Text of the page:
Report: Idaho could save money by building state prison
BOISE, Idaho (AP) — Idaho’s prisons are overcrowded and dilapidated, the inmate population is rapidly growing and taxpayers could save millions by building a prison, state auditors told a panel of lawmakers on Tuesday.
The findings came from the Office of Performance Evaluations’ report on managing the state’s correctional capacity, which took a close look at staffing levels, inmate populations, the condition of the actual prison buildings themselves and how those factors will likely affect Idaho in years to come.
“Idaho is at a critical juncture in planning how it will house inmates,” an office evaluator, Lance McCleve, told members of the Joint Legislative Oversight Committee. “Just since 2016, we’ve seen about an 18 percent increase of inmates incarcerated in prisons.”
That dramatically outpaces the state’s population growth, McCleve said, which grew by about 6 percent during the same period. Idaho now has about 9,458 inmates, he said, and that number could reach 10,300 by next year.
It’s not clear why the number of inmates has increased so quickly, McCleve said. Idaho has long been known as a state with relatively low crime rates and relatively high incarceration rates. But the report found that much of the population growth is from former prisoners who are having their parole revoked.
That’s surprising because while the number of actual parole violations hasn’t changed, the number of parole revocations is climbing rapidly, McCleve said.
“It does not look like a behavior change. It looks like a decision-making change,” he said.
Still, the report was focused on correctional capacity, not the Idaho Department of Probation and Parole, so he said he didn’t know exactly what factors are contributing to the change.
“I really, really wanted to come before you guys today and give you that smoking gun. Unfortunately, nobody knows exactly why that is,” he said.
Rep. Caroline Nilsson Troy, a Republican from Genesee, suggested the committee might next want to ask the Office of Performance Evaluations to take a close look at parole to see if they can determine what is driving the increase in parole revocations.
Currently, the state only has 6,974 prison bunks — some of them crammed into cells that used to hold four people but now hold six — so many inmates are shipped to private prisons outside the state or housed in county jails. That in turn puts pressure on local governments that are already struggling to find enough room for their own short-term prisoners.
Building an Idaho Department of Correction prison in Idaho would cost roughly $78 dollars per inmate, per day, according to the report. That’s a savings of $4 per inmate compared with sending them to out-of-state private prisons, and a savings of $17 per inmate per day compared with housing them at county jails.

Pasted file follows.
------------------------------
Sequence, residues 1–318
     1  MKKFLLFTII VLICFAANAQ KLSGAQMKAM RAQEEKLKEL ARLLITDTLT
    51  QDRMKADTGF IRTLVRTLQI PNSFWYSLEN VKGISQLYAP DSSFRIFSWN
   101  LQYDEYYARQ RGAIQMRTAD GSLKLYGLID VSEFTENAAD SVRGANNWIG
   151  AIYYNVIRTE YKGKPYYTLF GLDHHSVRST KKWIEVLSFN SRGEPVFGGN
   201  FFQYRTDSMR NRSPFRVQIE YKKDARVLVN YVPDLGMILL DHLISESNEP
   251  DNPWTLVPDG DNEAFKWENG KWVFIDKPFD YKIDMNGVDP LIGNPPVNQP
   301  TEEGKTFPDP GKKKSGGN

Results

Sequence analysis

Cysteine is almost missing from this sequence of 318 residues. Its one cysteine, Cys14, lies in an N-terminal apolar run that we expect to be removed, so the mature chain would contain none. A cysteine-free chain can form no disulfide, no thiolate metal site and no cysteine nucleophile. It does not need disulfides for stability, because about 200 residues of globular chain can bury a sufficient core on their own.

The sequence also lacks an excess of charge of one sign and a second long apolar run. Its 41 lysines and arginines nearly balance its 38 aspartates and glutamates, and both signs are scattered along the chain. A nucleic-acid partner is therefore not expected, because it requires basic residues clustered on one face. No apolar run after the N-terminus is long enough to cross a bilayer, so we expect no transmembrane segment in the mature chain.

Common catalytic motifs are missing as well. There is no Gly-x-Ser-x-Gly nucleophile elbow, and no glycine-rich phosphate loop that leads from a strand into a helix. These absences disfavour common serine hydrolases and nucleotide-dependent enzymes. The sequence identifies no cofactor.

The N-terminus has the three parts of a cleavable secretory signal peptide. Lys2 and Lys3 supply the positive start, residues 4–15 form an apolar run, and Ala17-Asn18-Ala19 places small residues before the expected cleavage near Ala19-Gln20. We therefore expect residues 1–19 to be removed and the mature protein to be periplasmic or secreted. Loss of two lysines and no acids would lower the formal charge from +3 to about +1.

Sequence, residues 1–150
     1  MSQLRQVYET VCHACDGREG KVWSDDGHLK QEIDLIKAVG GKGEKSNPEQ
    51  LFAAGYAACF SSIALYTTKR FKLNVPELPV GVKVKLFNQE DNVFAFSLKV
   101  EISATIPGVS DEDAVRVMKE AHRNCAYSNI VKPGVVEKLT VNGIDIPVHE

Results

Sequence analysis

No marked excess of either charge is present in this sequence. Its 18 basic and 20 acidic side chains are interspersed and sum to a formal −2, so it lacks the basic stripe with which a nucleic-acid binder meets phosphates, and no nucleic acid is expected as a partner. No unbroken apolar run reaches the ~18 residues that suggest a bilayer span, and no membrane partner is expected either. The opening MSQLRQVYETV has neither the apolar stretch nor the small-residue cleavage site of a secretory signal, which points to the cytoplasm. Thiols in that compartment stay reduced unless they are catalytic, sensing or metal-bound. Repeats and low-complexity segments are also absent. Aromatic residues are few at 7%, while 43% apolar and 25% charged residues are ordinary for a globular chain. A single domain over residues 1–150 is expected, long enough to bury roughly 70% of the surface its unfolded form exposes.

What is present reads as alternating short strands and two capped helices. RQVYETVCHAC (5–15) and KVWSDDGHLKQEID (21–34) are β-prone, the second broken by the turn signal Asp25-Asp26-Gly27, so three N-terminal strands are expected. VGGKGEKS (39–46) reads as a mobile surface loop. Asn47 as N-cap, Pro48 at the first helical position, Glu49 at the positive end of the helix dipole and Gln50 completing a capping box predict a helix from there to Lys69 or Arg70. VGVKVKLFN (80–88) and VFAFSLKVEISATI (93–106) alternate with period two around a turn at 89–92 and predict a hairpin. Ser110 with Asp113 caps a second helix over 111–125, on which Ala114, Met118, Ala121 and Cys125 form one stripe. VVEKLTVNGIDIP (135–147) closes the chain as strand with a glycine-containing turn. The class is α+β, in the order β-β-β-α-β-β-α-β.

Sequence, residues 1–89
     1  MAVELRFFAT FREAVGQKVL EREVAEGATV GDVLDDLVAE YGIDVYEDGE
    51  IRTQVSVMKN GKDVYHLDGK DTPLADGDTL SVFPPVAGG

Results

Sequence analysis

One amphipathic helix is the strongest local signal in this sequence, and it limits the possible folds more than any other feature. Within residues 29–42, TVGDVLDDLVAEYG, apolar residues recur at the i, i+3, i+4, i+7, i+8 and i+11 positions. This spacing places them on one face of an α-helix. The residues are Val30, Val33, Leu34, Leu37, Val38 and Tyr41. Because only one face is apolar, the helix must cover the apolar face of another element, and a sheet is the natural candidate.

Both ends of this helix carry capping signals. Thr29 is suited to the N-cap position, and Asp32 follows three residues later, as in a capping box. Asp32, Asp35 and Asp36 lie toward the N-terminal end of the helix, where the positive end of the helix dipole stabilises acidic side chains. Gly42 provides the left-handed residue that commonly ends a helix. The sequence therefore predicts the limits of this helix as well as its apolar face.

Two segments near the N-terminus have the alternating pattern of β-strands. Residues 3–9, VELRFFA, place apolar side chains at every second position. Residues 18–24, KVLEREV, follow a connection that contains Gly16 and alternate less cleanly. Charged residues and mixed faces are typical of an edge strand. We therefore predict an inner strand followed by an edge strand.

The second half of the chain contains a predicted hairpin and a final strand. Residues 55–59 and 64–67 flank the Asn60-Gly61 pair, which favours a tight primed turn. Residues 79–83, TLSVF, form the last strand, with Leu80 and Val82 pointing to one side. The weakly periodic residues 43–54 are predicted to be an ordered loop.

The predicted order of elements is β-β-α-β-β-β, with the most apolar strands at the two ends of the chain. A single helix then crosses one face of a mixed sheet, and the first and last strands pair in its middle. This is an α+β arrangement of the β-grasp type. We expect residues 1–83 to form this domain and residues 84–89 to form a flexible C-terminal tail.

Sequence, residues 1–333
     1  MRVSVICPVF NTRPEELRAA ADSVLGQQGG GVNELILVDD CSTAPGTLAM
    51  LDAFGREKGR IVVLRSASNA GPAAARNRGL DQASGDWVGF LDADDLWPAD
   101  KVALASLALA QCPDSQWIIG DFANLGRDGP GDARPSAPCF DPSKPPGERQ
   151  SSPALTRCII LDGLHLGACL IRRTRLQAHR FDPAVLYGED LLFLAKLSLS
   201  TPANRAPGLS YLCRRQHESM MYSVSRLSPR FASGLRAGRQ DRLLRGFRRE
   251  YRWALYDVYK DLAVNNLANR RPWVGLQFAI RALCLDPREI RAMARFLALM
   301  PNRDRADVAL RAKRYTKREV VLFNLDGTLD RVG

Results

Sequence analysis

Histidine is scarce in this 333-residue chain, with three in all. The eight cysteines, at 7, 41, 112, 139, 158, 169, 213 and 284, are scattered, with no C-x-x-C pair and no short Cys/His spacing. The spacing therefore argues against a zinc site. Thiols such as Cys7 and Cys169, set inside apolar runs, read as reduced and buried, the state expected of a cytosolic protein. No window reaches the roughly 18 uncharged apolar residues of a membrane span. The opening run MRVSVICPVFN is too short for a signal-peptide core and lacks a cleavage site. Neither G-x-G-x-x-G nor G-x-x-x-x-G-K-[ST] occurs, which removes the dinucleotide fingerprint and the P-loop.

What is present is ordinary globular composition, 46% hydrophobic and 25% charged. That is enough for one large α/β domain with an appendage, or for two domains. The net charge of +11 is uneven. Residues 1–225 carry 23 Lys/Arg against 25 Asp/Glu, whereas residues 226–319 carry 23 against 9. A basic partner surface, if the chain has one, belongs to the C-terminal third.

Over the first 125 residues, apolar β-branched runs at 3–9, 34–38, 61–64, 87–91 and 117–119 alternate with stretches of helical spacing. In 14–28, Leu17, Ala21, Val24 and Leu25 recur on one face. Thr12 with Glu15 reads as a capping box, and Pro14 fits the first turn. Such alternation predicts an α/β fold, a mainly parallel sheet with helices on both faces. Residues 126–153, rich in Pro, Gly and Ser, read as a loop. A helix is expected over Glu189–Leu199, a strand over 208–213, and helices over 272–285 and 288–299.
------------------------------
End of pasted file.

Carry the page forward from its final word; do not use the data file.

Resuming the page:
The state auditors adjusted the numbers to account for the costs of providing the educational and rehabilitation programs, which reduce recidivism rates and are often required for an inmate to be paroled. Those programs often aren’t available at county jails and other non-state-run facilities, potentially extending the time an inmate must spend behind bars before release.
The state sends contract monitors once a week to the GEO Group facility in Eagle Pass, Texas, where hundreds of Idaho inmates are housed, to ensure GEO Group is abiding by the terms of the state contract, Office of Performance Evaluation staffer Susie Bergeron said.
Although the GEO Group is offering programming to inmates even though the company isn’t required to under its contract with Idaho, that programming has been rife with problems, including absenteeism and issues with instructor training, she said. There have also been four “group disturbances” — a term that can include group behavior ranging from disrupting normal procedures to actual riots — at Eagle Pass since the state began sending its inmates there, Bergeron said.
Two of those disturbances required correctional officers to respond in full tactical gear, she said, and caused property damage at the facility.
The report also found that the Idaho Department of Correction lacks the necessary tools to perform effective, long-term planning when it comes to maintaining prison facilities, ensuring that prisons are adequately staffed and predicting population growth over periods longer than two years ahead.
Idaho Department of Correction Director Josh Tewalt said he appreciated the work the Office of Performance Evaluations put into the report. He said the report’s recommendations on staffing, facility assessments, and better long-term population forecasting “all ring true.”
Tewalt also said the state is getting serious about “taking care of the very real and long-overdue capacity issues,” noting that last week the Board of Correction voted to begin placing more inmates at a privately run correctional center in Colorado operated by CoreCivic.
CoreCivic was formerly called Corrections Corporation of America, which notoriously operated a violent and badly understaffed prison in Idaho until the state severed its contract after it was discovered that the company had falsified its reports and failed to meet contract obligations.
Tewalt also lauded Idaho Gov. Brad Little’s proposal to add work-release facilities in every region of the state as a way to increase capacity and improve the success of inmates who are nearing their release.